Summary contributed by Brooke Criswell (@Brooke_Criswell). She’s pursuing a PhD. in media psychology, and has extensive experience in marketing & communications.
*Reference at the bottom
The researchers at the University of Washington analyzed Twitter activity on the #BlackLivesMatter movement and police-related shootings in the United States during 2016 to better understand how information campaigns manipulate the social media discussions taking place. They focused on publicly suspended accounts that were affiliated with the Internet Research Agency, a Russian organization. This organization supports full-time employees to do “professional propaganda” on social media (Arif, Stewart, & Starbird, 2018).
Social media has become a platform for information operations, especially for foreign invaders, to alter the infrastructure and spread disinformation (Arif, Stewart, & Starbird, 2018). Information operations are used by the United States intelligence community that describes actions that disrupt information systems and streams of geopolitical adversary (Arif, Stewart, & Starbird, 2018).
“Disinformation describes the intentional spread of false or inaccurate information meant to mislead others about the state of the world” (Arif, Stewart, & Starbird, 2018).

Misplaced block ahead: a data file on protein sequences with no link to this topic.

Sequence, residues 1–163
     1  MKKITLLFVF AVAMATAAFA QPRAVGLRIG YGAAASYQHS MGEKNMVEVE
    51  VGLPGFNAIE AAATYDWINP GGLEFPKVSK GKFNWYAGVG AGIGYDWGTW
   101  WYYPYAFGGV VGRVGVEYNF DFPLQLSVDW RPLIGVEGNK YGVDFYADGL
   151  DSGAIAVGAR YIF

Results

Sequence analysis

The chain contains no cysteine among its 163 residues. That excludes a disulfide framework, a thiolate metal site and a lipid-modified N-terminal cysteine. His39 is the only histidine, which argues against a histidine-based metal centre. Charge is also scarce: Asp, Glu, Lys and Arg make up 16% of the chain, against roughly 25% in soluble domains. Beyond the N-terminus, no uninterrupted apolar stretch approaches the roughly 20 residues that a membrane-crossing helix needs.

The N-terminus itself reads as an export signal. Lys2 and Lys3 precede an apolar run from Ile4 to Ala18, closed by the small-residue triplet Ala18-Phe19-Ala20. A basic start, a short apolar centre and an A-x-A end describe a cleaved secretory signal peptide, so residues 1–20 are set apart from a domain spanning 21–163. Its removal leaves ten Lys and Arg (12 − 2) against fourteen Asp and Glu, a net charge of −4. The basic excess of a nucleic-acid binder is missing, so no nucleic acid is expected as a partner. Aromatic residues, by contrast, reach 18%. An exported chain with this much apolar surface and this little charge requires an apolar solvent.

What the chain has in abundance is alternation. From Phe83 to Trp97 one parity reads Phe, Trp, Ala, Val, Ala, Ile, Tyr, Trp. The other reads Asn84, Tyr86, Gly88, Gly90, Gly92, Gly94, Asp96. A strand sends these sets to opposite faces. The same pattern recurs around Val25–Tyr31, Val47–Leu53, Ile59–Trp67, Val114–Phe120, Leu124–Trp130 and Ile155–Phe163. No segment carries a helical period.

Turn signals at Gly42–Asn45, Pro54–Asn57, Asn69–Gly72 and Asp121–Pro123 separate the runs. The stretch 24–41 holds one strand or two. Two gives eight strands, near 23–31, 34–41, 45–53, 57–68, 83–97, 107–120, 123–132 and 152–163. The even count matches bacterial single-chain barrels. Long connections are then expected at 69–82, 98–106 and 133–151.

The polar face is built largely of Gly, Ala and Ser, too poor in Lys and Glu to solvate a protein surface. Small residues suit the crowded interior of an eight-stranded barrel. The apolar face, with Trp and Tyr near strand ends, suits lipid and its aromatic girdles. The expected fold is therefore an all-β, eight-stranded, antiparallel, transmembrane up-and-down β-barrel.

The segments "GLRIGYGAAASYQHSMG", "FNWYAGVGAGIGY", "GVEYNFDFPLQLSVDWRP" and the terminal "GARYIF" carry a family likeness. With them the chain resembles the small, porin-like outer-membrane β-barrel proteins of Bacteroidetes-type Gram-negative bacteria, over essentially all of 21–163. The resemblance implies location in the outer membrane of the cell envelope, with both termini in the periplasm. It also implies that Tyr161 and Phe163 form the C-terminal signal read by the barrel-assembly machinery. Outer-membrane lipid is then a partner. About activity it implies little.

Social media has become a breeding ground for disinformation because of the way systems and networks are created and nurtured online. For example, algorithms derive newsfeeds related to people’s preconceived ideas. People are also typically connected with those they already have similar thoughts with, which cause a homophily filter bubble (Arif, Stewart, & Starbird, 2018). These structural issues can contribute to the effectiveness of disinformation being spread.
Not to mention, the ecosystem of social media is influenced by hot bots, fake news websites, conspiracy theorists, and trolls are influencing mainstream media, influential bloggers and ordinary individuals who are now all amplifying the propaganda in social media platforms (Arif, Stewart, & Starbird, 2018).
Facebook has even acknowledged that their platform had been used for “information operations” to influence the United States Presidential election, in an April 2017 report (Arif, Stewart, & Starbird, 2018). Other platforms such as Twitter and Reddit came forward to say their platform has also been involved in information operations by the Internet Research Agency known to be a Russian “troll farm.”